Zeros and Ones .. One Pass

Have heard this question a lot and wanted to code it. I initially always used the version 1 (described below) of this code to form solutions, but I figured an optimization and the version 2 is actually a one-pass algorithm.

Version 1: ( debatable one pass)

#include <iostream>
#include <vector>

using namespace std;

int main() {
  int n;
  cin >> n;
  // containing 0s and 1s
  vector<int> binaries;
  for (int i = 0, t = -1; i < n; ++i) {
    cin >> t;
    binaries.push_back(t);
  }

  vector<int>::iterator back_iter = binaries.begin();
  vector<int>::iterator front_iter = binaries.begin();

  for (; front_iter != binaries.end(); ++front_iter) {
    if (*front_iter == 0) {
      // find the localtion of the back pointer which is pointing to a 1
      while (back_iter != front_iter && *back_iter == 0) {
        ++back_iter;
      }
      if (back_iter != front_iter) {
        // found a place to replace
        iter_swap(back_iter, front_iter);
      }
    }
  }

  for (int i = 0; i < binaries.size(); ++i) {
    cout << binaries[i] << " ";
  }
  cout << "\n";
  return 0;
}

Version 2: Definitely one – pass 🙂

#include <iostream>
#include <vector>

using namespace std;

int main() {
  int n;
  cin >> n;
  // containing 0s and 1s
  vector<int> binaries;
  for (int i = 0, t = -1; i < n; ++i) {
    cin >> t;
    binaries.push_back(t);
  }

  vector<int>::iterator front_iter = binaries.begin();
  vector<int>::iterator back_iter = binaries.end() - 1;

  for (; front_iter != binaries.end() && front_iter != back_iter; ) {
    if (*front_iter) {
      iter_swap(front_iter, back_iter);
      --back_iter;
    } else {
      ++front_iter;
    }
  }

  for (int i = 0; i < binaries.size(); ++i) {
    cout << binaries[i] << " ";
  }
  cout << "\n";
  return 0;
}

Finally I coded this. 😀

Another simple solution

Am getting lesser and lesser time to maintain this blog 😦 .. anyways a friend of mine asked me a problem to solve recently and as soon as I got time (with some outside help :D) I was able to come to a very elegant looking simple solution. Sometimes we forget the basic properties of some algorithms which surprisingly can solve classic problems.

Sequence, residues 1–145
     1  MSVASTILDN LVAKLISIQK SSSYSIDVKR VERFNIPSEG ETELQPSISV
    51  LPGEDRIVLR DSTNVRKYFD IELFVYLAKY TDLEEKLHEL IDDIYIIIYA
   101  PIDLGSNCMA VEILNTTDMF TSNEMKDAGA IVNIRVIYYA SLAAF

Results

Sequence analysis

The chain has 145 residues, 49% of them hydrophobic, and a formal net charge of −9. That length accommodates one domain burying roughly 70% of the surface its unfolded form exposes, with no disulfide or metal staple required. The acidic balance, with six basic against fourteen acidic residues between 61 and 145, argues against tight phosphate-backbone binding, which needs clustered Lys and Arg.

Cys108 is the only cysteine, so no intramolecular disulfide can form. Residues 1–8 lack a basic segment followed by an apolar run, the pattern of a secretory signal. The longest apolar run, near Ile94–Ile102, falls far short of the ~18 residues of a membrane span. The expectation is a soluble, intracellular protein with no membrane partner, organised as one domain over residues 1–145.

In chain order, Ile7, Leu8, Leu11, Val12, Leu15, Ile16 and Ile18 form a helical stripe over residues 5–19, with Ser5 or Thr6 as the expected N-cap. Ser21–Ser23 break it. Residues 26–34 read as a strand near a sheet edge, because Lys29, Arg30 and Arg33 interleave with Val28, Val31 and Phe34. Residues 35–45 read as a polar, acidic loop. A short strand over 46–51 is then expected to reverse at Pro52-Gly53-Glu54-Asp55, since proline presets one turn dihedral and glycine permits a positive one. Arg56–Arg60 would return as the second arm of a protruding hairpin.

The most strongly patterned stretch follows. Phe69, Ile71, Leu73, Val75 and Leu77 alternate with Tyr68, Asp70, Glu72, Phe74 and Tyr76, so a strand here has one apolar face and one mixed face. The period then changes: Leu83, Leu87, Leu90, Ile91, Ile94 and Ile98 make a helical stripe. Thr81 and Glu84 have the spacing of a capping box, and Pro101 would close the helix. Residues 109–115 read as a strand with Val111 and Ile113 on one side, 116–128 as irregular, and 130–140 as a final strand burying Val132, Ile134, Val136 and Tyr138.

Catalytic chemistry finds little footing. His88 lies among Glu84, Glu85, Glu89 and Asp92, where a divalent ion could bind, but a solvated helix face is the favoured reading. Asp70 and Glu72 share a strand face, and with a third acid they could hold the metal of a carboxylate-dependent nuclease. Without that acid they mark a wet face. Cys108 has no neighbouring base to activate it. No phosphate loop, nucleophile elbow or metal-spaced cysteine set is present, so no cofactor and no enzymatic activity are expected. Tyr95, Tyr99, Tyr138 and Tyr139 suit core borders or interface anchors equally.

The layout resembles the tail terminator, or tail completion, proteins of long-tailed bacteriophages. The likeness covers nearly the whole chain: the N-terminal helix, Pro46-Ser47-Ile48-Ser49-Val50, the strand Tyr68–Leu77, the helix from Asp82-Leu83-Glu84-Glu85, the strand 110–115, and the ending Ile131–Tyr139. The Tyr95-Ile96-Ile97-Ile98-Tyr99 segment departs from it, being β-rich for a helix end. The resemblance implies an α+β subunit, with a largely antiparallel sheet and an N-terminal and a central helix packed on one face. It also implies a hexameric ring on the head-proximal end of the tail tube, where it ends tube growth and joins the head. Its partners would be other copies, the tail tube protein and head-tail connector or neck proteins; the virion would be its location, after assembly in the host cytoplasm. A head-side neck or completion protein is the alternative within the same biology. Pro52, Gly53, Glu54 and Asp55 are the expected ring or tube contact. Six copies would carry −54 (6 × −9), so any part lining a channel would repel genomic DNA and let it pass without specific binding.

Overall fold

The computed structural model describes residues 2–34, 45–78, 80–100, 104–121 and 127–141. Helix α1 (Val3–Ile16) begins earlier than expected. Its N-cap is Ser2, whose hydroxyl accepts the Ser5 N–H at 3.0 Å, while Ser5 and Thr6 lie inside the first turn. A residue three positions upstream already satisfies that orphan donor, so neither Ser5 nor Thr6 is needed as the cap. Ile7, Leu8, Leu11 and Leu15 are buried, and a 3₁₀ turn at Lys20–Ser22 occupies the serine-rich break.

Problem: Given an array of elements find the largest possible number that can be formed by using the elements of the array.
eg: 10 9
ans: 910
eg: 2 3 5 78
ans: 78532

Solution:

#include <iostream>
#include <cstdlib>
#include <cstdio>
#include <algorithm>
#include <cstring>
#include <vector>

using namespace std;

// Uncomment the commented code to see the behaviour

long long int NumberConcater(int a, int b) {
  char str_num[100];
  int sizea = sprintf(str_num, "%d", a);
  // cout << "1 : " << str_num;
  sprintf(str_num + sizea, "%d", b);
  // cout << "   2 : " << str_num;
  long long int option_number = atoll(str_num);
  // cout << "   Number : " << option_number << "\n";
  return option_number;
}
static bool MySorter(int a, int b) {
  long long int o1 = NumberConcater(a, b);
  long long int o2 = NumberConcater(b, a);
  return o1 > o2;
}

int main() {
  int n;
  cin >> n;
  vector<int> nums;
  for (int i = 0, t = 0; i < n; ++i) {
    cin >> t;
    nums.push_back(t);
  }
  sort(nums.begin(), nums.end(), MySorter);
  for (int i = 0; i < n; ++i) {
    cout << nums[i] << "\n";
  }
  return 0;
}

Using the concept of ordering, (I believe) this problem can be solved like this. Which is kinda cool 😀

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